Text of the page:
Often when I hear President George W. Bush speak about his so-called war-on-terror crusade, it’s like returning to some of the darkest periods of Argentinean history, when a ruthless military regime ruled the country in 1976-83.
Many of the barbaric interrogation techniques that the Argentinean security forces used in the ill-fated fight against “atheist” terrorism to defend the country from its “Christian and Western” values was leaned from the CIA.
One of these torture methods that security forces used was waterboarding, or known in Argentina as el submarino, the submarine. Despite having a different name, the aim of the torture technique is the same: to force the victim feel that he’s going to drown and thereby cave in to the interrogators. In some Argentinean detention centers, the water used to submerge the victims in was filled with human excrement.
Other widespread “routine” torture methods in Argentina and Latin America include the use of electricity. Victims in Argentina were normally forced to use hoods, just like captives in Iraq, so they couldn’t identify their torturers.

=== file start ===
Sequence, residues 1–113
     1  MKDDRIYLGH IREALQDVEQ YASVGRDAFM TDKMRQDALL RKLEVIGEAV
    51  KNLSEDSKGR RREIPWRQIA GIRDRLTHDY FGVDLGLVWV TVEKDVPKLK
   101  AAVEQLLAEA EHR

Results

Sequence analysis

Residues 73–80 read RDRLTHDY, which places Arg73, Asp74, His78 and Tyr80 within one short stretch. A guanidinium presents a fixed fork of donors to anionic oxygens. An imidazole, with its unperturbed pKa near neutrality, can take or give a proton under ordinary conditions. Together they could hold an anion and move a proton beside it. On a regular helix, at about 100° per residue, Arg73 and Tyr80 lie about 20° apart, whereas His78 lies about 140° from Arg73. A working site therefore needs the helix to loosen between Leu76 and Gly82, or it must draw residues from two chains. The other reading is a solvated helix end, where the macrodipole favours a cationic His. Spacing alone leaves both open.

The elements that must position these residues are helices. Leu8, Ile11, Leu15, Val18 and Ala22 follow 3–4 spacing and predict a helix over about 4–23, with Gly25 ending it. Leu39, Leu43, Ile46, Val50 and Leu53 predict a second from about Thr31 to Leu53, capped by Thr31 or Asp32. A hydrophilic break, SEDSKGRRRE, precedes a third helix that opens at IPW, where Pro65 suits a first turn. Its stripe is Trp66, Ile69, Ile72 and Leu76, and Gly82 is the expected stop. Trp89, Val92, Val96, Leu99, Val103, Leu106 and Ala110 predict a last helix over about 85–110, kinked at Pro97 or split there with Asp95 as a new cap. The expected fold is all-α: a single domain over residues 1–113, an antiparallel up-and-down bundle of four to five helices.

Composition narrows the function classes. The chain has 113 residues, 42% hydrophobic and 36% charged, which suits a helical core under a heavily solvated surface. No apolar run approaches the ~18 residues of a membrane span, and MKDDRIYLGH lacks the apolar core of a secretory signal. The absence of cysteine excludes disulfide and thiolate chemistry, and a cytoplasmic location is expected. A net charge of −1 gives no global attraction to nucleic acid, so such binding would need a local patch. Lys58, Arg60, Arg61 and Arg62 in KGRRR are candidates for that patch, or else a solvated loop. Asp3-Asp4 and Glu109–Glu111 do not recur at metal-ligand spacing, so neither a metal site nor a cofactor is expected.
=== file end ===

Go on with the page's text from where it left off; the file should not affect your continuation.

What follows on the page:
The short-term success that Argentina’s military had over its enemies made it eager to find new ones. The de facto government started rounding up potential terrorists; ie all those who could become but weren’t yet terrorists.
It took a colossal fiasco, like going to war with in 1982 over the Falkland Islands, known as islas Malvinas in Spanish, for the military to be humbled. Is Iraq George W. Bush administration’s Falkland Islands?
The mistaken path that Bush has taken in its fight against the real and/or imagined enemies of the US bares a spooky resemblance to what happened in Argentina during the dirty war era, when over 30,000 people disappeared.
The methods and reasoning Washington is using in its own war resembles the trademark of despotic regimes like in Argentina a long time ago.
A warning: The methods employed by Argentina’s junta during 1976-83 were so barbaric that the de facto government ended up becoming the terrorist.